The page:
A Closer Look at Last Week’s Elections

By Joe Darby

Well, for us folks in Natchitoches, we are facing runoffs for the top executive position in the state as well as in our parish.

Gov. John Bel Edwards will have to contend with Baton Rouge businessman Eddie Rispone and we have a real close contest for Natchitoches Parish president. John Richmond and Lee Waskom were just about tied, with Richmond holding a narrow lead of 36.5 to Waskom’s 33.2 percent. Four other also rans divided a total of 30.3 percent among them and the two leaders will be out and about seeking those votes for next month’s runoff.

There were also two impressive victories affecting Natchitoches Parish voters, that of Louie Bernard’s overwhelming triumph for the seat in state Senate District 31, and Stuart Wright’s first primary win for parish sheriff.

Louie, as almost all of us know him, won 55.3 percent of the votes, although Natchitoches has to share the district with other parishes. I’d say Louie performed about as well as LSU did against Florida, also on election night.

Wright beat two respected opponents to win the sheriff’s race, capturing 51.9 percent of the vote. Steve Pezant came in second with 32.4 percent and Steve Rachal garnered 15.7 percent. Incumbent Sheriff Victor Jones’ endorsement of Wright no doubt played a big role in the victory.

All of the statewide incumbents, except for governor and secretary of state, won first primary victories. I think the most impressive was that of Lt. Gov. Billy Nungesser. I know Billy personally and I think he is doing a great job of trying to attract tourists to Louisiana. Billy can be found all over the state, at local festivals, historic sites and other events to promote good old La Louisianne.

Secretary of State Kyle Ardoin will be in a runoff with Gwen Collins-Greenwood. The incumbent had 41 percent of the vote and the challenger 33.2 percent. However, the two also rans, totaling 25.2 percent, are both Republicans, as is Ardoin. So Collins-Greenwood may have her work cut out for her in the runoff.

Getting back to the governor’s race, “expert political prognosticators” were saying before the election that Edwards would need at least 45 percent of the primary vote to have a shot in the runoff, the thinking being that if an incumbent got less than that amount, his base would not be strong enough to carry him to victory. Edwards did better than 45 percent, but just barely, with 46.6 percent.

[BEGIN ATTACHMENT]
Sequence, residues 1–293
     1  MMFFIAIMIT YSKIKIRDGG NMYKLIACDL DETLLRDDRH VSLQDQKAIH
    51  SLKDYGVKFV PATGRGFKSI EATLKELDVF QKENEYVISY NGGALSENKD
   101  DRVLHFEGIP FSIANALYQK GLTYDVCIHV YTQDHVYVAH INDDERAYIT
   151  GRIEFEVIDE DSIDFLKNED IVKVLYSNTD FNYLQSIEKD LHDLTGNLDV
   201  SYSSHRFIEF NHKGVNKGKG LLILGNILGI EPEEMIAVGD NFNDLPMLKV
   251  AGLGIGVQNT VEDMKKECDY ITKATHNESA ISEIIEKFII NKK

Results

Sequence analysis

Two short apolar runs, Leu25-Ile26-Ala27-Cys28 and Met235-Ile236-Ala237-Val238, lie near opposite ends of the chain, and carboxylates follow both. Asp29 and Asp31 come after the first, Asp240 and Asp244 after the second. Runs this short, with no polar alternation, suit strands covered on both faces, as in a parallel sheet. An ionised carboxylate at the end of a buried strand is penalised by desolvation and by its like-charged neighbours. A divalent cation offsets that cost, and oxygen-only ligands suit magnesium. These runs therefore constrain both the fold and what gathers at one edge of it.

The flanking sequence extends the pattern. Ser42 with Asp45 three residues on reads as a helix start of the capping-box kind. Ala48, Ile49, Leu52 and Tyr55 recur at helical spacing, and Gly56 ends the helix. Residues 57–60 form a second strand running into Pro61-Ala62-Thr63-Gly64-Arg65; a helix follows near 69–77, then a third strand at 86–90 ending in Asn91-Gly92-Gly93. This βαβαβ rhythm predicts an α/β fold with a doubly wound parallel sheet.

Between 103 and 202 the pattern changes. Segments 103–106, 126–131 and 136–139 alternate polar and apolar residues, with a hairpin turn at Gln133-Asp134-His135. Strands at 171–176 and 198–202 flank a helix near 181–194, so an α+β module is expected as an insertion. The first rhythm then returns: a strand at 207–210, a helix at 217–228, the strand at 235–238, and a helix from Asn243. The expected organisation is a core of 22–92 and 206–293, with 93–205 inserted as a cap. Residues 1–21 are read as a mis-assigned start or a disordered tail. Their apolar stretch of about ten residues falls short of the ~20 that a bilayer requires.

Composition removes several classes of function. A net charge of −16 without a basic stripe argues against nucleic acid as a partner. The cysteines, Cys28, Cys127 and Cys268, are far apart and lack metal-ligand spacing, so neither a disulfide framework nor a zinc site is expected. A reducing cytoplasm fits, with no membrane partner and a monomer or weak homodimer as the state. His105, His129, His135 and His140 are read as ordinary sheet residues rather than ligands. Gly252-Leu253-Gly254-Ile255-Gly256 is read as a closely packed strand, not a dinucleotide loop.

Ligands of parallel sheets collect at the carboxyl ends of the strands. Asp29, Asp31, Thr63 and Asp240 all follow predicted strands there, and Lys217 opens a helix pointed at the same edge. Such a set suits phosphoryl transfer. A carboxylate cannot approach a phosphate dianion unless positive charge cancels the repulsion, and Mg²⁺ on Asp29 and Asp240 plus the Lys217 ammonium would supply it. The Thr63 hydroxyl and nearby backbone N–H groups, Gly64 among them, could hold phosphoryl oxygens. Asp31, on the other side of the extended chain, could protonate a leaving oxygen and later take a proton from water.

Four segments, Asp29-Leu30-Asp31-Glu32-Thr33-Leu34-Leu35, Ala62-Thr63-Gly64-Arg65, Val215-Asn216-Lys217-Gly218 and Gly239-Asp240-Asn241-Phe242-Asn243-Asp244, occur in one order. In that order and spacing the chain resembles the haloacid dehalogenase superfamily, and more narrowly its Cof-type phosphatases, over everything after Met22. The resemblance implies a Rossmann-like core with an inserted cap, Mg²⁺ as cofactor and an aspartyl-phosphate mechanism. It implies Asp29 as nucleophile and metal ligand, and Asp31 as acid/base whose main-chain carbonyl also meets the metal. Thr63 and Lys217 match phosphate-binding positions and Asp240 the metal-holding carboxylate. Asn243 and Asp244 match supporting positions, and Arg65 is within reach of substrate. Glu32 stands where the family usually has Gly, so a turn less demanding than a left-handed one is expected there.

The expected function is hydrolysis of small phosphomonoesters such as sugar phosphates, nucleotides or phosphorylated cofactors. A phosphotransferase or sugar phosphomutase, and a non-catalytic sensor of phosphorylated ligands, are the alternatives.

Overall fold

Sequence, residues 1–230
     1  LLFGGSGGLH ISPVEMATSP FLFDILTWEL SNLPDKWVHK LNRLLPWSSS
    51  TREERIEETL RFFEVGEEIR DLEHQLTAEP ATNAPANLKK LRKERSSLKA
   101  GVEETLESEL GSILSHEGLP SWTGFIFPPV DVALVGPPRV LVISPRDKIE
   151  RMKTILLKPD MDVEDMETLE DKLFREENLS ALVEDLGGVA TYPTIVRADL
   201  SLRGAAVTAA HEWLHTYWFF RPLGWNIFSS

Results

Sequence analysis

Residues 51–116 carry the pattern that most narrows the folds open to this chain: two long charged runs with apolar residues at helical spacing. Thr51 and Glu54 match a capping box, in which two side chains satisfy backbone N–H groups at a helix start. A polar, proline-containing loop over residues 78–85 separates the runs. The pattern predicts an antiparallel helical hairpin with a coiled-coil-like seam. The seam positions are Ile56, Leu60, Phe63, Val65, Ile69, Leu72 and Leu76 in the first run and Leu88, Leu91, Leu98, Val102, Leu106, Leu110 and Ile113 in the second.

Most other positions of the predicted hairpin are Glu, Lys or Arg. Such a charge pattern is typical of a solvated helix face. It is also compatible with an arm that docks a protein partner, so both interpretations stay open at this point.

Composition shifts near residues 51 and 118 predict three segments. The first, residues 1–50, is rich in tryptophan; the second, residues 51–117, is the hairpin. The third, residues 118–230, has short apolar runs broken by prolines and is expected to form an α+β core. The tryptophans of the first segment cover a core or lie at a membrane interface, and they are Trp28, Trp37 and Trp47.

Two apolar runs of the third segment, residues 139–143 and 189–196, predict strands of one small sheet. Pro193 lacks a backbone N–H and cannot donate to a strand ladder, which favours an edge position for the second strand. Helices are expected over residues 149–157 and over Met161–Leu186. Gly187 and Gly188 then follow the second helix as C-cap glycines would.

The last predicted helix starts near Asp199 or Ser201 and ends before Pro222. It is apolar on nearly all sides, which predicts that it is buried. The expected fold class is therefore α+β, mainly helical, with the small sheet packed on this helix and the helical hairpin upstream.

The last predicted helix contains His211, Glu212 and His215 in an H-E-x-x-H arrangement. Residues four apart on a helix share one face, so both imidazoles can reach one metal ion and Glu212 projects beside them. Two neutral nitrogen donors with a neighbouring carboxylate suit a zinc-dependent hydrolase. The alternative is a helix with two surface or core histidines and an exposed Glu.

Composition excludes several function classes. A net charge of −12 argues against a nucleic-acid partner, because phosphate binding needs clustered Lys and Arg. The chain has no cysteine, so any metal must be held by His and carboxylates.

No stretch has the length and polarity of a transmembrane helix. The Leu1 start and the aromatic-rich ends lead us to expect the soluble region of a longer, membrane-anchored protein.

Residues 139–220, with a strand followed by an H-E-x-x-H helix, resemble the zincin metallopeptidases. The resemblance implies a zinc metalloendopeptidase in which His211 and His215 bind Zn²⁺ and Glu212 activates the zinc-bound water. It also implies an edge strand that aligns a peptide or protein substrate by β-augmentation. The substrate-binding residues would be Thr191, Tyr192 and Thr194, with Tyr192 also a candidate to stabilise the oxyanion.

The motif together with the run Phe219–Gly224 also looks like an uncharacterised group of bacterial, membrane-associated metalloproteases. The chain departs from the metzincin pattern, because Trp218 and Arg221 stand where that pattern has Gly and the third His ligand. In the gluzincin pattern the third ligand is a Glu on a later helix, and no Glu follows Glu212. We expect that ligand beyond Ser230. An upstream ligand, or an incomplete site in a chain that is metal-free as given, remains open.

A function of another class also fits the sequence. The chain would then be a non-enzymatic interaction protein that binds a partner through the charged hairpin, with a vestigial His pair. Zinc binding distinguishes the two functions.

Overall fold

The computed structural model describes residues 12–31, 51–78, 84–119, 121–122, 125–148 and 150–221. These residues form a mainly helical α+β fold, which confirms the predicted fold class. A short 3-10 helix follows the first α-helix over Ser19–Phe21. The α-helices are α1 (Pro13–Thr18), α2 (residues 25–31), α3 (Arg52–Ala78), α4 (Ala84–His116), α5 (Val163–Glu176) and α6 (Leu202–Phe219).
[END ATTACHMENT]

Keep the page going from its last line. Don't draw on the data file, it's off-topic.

Let’s take a closer look at how the candidates did through the state, examining our most populated parishes. But first, the numbers for Natchitoches Parish: They almost mirrored the statewide vote exactly. Here, the vote was Edwards, 46.5; Rispone, 29.7 and U.S. Rep. Ralph Abraham, 21 percent. Statewide the results were 46.6, 27.4 and 23.6, respectively.

Now, how did they do elsewhere? The percentages will be given for each parish, listing Edwards first, Rispone second and Abraham third.

Caddo, 53.2 — 24.3 — 20.1.
Calcasieu, 43.6 — 28.5 — 25.6.
East Baton Rouge, 61.8 — 26.7 — 13.6.
Jefferson, 52.9 — 28.6 — 15.8.
Lafayette, 36.8 — 24.6 — 37.0
Orleans, 87.0 — 6.1 — 4.6.
Ouachita, 37.8 — 11.8 — 49.6.
Rapides, 37.8 — 19.5 — 41.1.

I also wondered how the races came out in Cajun Country, so I took a look at two parishes in that area.

Lafourche, 35.3 — 38.9 — 22.8.
Iberia, 35.4 — 30.8 — 31.2.

It’s interesting to note Edwards’ overwhelming victory in New Orleans, no surprise there, and his very strong win in Baton Rouge. Also Abraham took Monroe (Ouachita) and Alexandria (Rapides). Rispone was first in Lafayette, which is a little bit of a surprise to me.

So, there you have it. The tables have been set for the two big runoffs. Let the politicking begin (again).


One thought on “A Closer Look at Last Week’s Elections

  1. Hey, folks. I made a statistical error in my column today. I said Eddie Rispone won Lafayette Parish. It was Lafourche Parish. Ralph Abraham won Lafayette.

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